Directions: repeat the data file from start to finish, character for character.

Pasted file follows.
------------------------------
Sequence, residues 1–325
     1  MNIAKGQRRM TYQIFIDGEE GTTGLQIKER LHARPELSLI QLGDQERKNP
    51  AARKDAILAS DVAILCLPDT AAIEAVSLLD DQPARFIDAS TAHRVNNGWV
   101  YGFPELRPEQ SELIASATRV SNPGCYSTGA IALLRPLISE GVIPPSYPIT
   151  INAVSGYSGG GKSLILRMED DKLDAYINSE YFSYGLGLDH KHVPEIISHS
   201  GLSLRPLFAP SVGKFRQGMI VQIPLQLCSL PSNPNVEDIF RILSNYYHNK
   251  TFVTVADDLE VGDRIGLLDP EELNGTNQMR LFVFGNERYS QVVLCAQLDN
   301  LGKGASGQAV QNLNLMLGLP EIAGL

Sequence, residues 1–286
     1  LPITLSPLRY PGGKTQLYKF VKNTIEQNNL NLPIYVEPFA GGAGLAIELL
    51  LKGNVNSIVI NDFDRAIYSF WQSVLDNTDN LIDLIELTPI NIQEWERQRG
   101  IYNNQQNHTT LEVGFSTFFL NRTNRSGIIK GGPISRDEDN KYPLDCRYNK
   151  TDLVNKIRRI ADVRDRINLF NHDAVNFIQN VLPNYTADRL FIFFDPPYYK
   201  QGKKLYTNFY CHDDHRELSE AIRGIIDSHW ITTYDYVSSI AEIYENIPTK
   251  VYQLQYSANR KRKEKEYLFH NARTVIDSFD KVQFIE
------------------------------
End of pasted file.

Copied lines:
Sequence, residues 1–325
     1  MNIAKGQRRM TYQIFIDGEE GTTGLQIKER LHARPELSLI QLGDQERKNP
    51  AARKDAILAS DVAILCLPDT AAIEAVSLLD DQPARFIDAS TAHRVNNGWV
   101  YGFPELRPEQ SELIASATRV SNPGCYSTGA IALLRPLISE GVIPPSYPIT
   151  INAVSGYSGG GKSLILRMED DKLDAYINSE YFSYGLGLDH KHVPEIISHS
   201  GLSLRPLFAP SVGKFRQGMI VQIPLQLCSL PSNPNVEDIF RILSNYYHNK
   251  TFVTVADDLE VGDRIGLLDP EELNGTNQMR LFVFGNERYS QVVLCAQLDN
   301  LGKGASGQAV QNLNLMLGLP EIAGL

Sequence, residues 1–286
     1  LPITLSPLRY PGGKTQLYKF VKNTIEQNNL NLPIYVEPFA GGAGLAIELL
    51  LKGNVNSIVI NDFDRAIYSF WQSVLDNTDN LIDLIELTPI NIQEWERQRG
   101  IYNNQQNHTT LEVGFSTFFL NRTNRSGIIK GGPISRDEDN KYPLDCRYNK
   151  TDLVNKIRRI ADVRDRINLF NHDAVNFIQN VLPNYTADRL FIFFDPPYYK
   201  QGKKLYTNFY CHDDHRELSE AIRGIIDSHW ITTYDYVSSI AEIYENIPTK
   251  VYQLQYSANR KRKEKEYLFH NARTVIDSFD KVQFIE